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Honestly, it may just before hobby now, but you never know if it'll grow into something more. I'd still say prep to learn or learn C++ for that "Just in case" chance for a language. This way, if it grows from being just a hobby to something you really want to do, you've already got a head start  with experience even if you use another language when it's just a hobby for you (Which will make it easier) when you do have to use C++. Just keep the others' suggestions in mind as well as this and if it does grow more than a hobby, you have everyone here to think because you were fully prepared. Me, I'm charging through with C++ as my first actual programming language ( I say "Actual" as I don't consider HTML as a programming language even though I have experience with it and know it is) and I'm learning it quite well, just have a few chinks to work out.

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I don't know about C++ giving you a head start. Might slow you down in the early stages of learning. How about Assembly instead? That's what I'm doing. The lessons are more applicable to all programming languages and programming in general.

 

 

Honestly, it may just before hobby now, but you never know if it'll grow into something more. I'd still say prep to learn or learn C++ for that "Just in case" chance for a language. This way, if it grows from being just a hobby to something you really want to do, you've already got a head start  with experience even if you use another language when it's just a hobby for you (Which will make it easier) when you do have to use C++. Just keep the others' suggestions in mind as well as this and if it does grow more than a hobby, you have everyone here to think because you were fully prepared. Me, I'm charging through with C++ as my first actual programming language ( I say "Actual" as I don't consider HTML as a programming language even though I have experience with it and know it is) and I'm learning it quite well, just have a few chinks to work out.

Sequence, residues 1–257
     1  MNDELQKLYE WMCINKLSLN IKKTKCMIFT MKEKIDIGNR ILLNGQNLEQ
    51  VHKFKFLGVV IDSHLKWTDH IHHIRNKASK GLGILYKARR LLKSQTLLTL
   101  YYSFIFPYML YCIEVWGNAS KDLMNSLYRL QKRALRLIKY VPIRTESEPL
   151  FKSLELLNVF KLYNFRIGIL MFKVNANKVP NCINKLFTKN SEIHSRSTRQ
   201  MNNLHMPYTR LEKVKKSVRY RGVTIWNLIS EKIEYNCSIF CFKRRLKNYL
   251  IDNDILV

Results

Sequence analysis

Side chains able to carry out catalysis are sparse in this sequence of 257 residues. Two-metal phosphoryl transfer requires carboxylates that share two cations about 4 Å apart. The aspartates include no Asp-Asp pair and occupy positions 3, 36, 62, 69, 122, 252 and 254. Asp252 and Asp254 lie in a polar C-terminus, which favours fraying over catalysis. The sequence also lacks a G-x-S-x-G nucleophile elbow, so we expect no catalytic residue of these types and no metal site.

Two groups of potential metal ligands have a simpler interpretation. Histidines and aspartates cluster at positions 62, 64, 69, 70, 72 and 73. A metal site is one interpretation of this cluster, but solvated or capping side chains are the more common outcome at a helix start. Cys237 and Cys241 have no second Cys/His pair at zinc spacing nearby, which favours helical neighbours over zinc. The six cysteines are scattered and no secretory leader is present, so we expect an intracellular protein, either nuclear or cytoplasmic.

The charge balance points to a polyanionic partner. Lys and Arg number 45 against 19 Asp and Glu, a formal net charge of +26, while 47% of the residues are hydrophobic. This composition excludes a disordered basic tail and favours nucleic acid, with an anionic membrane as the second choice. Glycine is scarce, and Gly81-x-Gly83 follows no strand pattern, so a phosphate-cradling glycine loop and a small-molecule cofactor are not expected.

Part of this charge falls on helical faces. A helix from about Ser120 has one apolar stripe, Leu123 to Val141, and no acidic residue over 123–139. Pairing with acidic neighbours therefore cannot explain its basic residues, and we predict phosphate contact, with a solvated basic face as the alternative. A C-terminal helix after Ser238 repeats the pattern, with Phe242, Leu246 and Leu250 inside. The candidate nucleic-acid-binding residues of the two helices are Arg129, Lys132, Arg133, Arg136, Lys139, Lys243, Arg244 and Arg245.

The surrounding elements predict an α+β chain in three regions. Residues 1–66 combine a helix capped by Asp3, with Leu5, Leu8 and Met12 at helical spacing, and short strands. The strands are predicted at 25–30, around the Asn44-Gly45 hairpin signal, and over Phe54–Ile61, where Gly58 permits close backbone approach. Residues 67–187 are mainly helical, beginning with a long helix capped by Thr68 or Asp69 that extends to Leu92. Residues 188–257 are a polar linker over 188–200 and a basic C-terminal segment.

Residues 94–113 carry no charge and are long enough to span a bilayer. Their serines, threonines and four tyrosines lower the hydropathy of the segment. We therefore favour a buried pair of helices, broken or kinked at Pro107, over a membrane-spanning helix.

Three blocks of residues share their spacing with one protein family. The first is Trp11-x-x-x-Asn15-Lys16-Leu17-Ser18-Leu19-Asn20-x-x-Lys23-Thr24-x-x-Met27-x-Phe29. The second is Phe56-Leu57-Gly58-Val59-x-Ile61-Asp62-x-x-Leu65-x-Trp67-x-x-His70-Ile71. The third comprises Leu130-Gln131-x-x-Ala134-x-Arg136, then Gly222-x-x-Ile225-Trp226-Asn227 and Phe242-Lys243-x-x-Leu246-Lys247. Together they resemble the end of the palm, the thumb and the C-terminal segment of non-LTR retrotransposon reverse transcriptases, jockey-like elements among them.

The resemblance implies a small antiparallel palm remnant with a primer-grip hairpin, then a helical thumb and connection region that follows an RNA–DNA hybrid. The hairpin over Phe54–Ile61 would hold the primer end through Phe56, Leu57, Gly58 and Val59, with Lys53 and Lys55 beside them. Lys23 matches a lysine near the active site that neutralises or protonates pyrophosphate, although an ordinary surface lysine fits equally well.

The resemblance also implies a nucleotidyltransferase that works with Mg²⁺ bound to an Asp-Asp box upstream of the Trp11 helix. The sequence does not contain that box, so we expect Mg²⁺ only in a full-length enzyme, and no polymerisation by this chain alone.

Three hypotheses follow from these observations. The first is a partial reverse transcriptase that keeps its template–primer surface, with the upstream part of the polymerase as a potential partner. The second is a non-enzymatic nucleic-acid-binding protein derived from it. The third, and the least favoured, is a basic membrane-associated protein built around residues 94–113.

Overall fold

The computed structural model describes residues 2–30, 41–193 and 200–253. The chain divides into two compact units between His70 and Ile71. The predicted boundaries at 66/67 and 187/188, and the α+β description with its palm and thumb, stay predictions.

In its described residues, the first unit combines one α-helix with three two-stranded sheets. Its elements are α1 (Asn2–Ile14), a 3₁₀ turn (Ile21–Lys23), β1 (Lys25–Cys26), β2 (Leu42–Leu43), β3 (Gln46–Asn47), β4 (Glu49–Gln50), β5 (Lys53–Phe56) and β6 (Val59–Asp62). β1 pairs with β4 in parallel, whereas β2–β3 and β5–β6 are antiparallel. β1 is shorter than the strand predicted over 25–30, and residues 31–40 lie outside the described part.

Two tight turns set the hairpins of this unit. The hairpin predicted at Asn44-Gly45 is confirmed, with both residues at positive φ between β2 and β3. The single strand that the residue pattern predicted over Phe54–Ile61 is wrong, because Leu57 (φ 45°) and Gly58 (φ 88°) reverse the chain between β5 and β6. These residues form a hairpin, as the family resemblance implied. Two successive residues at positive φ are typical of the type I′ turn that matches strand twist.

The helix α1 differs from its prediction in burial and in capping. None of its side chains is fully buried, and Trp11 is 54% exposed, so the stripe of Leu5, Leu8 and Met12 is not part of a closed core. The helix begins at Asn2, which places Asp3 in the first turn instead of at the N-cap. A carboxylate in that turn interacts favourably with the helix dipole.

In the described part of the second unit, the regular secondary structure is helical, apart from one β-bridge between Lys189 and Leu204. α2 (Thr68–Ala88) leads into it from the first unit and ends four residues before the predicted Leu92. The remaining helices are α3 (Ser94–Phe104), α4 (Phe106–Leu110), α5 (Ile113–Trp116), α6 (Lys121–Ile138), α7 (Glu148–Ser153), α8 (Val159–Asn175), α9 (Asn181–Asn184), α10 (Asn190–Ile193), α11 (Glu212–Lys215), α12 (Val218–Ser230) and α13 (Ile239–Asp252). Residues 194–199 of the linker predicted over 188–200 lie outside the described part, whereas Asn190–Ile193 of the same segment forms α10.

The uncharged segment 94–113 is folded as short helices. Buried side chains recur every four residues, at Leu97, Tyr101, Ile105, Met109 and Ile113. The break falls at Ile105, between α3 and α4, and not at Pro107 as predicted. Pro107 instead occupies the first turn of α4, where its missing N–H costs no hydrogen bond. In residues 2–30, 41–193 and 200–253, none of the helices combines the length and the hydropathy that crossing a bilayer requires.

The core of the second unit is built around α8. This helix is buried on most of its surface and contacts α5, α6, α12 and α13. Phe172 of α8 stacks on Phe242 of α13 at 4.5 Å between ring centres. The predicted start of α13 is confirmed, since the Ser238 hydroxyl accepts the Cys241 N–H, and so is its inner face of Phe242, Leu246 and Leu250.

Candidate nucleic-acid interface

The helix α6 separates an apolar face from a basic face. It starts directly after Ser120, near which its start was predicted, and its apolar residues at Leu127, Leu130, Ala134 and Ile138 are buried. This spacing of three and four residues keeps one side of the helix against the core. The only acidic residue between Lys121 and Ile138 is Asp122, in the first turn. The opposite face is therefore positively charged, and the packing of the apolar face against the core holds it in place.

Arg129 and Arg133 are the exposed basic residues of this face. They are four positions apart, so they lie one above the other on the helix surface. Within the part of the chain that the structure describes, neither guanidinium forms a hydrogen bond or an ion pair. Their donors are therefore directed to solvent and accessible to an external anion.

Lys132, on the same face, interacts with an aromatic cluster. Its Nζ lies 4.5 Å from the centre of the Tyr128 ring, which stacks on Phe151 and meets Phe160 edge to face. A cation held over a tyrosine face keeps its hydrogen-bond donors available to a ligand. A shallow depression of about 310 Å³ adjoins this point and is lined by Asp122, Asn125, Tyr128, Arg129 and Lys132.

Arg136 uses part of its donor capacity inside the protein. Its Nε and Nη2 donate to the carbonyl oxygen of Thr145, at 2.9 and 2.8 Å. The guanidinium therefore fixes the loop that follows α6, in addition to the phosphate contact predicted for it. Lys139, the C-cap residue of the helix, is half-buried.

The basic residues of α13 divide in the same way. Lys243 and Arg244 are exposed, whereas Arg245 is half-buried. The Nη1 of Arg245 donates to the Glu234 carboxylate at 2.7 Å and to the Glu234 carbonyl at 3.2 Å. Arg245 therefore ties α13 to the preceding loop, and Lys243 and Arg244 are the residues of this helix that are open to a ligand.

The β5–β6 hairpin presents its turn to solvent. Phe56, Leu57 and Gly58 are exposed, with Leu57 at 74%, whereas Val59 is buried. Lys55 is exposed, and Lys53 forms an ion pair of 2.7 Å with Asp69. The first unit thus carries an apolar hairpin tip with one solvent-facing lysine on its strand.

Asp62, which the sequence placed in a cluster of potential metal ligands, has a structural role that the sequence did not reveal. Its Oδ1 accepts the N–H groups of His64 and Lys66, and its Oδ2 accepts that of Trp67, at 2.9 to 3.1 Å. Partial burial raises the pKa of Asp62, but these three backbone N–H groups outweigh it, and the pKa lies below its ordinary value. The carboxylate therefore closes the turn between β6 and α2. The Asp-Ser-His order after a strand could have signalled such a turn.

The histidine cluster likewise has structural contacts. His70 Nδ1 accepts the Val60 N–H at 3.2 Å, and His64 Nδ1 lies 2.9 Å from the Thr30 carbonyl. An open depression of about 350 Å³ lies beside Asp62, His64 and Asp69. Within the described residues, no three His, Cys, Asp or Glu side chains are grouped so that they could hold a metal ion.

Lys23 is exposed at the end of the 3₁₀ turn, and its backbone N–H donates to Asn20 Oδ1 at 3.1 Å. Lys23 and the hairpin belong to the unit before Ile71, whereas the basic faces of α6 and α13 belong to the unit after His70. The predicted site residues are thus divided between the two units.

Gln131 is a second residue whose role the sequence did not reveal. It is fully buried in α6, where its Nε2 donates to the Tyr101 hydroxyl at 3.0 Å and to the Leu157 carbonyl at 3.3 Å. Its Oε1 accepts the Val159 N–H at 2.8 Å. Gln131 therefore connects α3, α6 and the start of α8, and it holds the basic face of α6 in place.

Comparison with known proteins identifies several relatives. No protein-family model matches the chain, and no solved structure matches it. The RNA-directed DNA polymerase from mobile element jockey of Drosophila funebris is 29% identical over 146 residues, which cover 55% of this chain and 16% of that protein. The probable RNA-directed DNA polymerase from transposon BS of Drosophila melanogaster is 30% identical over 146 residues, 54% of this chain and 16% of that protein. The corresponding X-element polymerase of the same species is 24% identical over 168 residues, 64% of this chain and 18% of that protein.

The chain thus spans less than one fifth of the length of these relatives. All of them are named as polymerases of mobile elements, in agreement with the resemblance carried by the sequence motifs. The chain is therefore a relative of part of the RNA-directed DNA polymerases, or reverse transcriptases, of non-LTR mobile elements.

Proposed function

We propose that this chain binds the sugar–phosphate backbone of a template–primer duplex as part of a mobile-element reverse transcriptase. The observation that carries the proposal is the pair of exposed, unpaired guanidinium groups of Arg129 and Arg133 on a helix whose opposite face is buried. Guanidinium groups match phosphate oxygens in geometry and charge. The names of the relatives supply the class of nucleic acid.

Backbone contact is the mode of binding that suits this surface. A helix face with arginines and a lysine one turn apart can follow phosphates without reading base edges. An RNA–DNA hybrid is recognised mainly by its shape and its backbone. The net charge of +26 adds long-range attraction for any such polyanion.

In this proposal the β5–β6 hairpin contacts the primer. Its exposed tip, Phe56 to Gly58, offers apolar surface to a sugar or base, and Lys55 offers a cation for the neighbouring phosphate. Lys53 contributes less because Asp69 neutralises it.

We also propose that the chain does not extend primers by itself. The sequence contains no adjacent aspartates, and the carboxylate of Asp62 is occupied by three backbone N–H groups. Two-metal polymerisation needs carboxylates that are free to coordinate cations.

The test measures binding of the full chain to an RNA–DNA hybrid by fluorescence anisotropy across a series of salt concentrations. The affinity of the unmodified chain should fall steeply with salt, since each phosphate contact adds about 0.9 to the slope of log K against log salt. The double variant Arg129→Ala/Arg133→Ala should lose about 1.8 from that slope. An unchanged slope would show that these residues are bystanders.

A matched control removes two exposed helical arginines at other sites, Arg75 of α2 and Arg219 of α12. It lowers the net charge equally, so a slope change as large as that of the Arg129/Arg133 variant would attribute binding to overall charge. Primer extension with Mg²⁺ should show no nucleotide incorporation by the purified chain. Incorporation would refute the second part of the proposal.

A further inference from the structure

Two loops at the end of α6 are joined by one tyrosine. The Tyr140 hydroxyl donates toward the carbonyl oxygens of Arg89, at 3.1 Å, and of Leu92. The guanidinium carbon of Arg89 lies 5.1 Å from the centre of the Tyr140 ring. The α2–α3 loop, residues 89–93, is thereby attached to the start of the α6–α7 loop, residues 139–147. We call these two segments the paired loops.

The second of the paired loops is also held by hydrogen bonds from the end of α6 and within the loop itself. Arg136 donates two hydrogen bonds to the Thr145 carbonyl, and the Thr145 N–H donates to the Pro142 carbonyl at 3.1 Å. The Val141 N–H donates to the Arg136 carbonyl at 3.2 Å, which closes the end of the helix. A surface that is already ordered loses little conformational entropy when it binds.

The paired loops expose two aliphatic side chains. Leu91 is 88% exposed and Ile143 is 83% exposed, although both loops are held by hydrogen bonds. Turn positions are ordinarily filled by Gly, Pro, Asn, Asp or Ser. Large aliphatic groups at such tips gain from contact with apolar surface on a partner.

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Did you even fully read my post? I didn't say C++ was the head start. I think some more reading is needed there.

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Wow. Take it easy. No need for personal attacks. Underlining for emphasis.

 

 

Did you even fully read my post? I didn't say C++ was the head start. I think some more reading is needed there.

 

 

Honestly, it may just before hobby now, but you never know if it'll grow into something more. I'd still say prep to learn or learn C++ for that "Just in case" chance for a language. This way, if it grows from being just a hobby to something you really want to do, you've already got a head start  with experience even if you use another language when it's just a hobby for you (Which will make it easier) when you do have to use C++. Just keep the others' suggestions in mind as well as this and if it does grow more than a hobby, you have everyone here to think because you were fully prepared. Me, I'm charging through with C++ as my first actual programming language ( I say "Actual" as I don't consider HTML as a programming language even though I have experience with it and know it is) and I'm learning it quite well, just have a few chinks to work out.